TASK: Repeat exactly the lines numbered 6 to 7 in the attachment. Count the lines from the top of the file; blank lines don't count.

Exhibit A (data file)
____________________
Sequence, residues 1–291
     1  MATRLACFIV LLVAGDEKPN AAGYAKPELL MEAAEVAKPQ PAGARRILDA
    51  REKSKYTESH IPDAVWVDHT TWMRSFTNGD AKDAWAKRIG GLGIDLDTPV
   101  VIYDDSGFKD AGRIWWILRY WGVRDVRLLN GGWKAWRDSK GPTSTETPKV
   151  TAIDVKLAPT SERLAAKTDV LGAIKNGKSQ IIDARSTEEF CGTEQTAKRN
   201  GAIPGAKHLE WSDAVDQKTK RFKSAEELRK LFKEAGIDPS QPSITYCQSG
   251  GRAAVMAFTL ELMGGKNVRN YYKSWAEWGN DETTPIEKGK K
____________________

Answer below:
   201  GAIPGAKHLE WSDAVDQKTK RFKSAEELRK LFKEAGIDPS QPSITYCQSG
   251  GRAAVMAFTL ELMGGKNVRN YYKSWAEWGN DETTPIEKGK K